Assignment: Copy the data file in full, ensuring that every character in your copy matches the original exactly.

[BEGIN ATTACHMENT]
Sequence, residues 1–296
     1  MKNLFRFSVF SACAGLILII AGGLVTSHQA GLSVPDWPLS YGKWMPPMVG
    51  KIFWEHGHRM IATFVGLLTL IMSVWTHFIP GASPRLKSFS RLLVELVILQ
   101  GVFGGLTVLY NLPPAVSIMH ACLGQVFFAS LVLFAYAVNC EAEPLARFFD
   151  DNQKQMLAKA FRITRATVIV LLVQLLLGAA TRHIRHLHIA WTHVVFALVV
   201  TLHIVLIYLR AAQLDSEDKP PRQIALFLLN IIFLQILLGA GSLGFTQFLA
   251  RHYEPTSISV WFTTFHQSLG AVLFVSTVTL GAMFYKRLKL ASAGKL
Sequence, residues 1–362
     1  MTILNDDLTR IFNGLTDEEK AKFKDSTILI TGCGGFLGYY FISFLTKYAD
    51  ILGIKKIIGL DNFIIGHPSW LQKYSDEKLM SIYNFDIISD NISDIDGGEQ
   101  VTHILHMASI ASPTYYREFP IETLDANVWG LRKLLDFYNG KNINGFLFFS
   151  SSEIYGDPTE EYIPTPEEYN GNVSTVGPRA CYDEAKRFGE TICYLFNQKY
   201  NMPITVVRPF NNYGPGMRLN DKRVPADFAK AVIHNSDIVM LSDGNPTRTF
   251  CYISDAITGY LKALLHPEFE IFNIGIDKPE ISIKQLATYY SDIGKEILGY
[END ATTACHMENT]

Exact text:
Sequence, residues 1–296
     1  MKNLFRFSVF SACAGLILII AGGLVTSHQA GLSVPDWPLS YGKWMPPMVG
    51  KIFWEHGHRM IATFVGLLTL IMSVWTHFIP GASPRLKSFS RLLVELVILQ
   101  GVFGGLTVLY NLPPAVSIMH ACLGQVFFAS LVLFAYAVNC EAEPLARFFD
   151  DNQKQMLAKA FRITRATVIV LLVQLLLGAA TRHIRHLHIA WTHVVFALVV
   201  TLHIVLIYLR AAQLDSEDKP PRQIALFLLN IIFLQILLGA GSLGFTQFLA
   251  RHYEPTSISV WFTTFHQSLG AVLFVSTVTL GAMFYKRLKL ASAGKL
Sequence, residues 1–362
     1  MTILNDDLTR IFNGLTDEEK AKFKDSTILI TGCGGFLGYY FISFLTKYAD
    51  ILGIKKIIGL DNFIIGHPSW LQKYSDEKLM SIYNFDIISD NISDIDGGEQ
   101  VTHILHMASI ASPTYYREFP IETLDANVWG LRKLLDFYNG KNINGFLFFS
   151  SSEIYGDPTE EYIPTPEEYN GNVSTVGPRA CYDEAKRFGE TICYLFNQKY
   201  NMPITVVRPF NNYGPGMRLN DKRVPADFAK AVIHNSDIVM LSDGNPTRTF
   251  CYISDAITGY LKALLHPEFE IFNIGIDKPE ISIKQLATYY SDIGKEILGY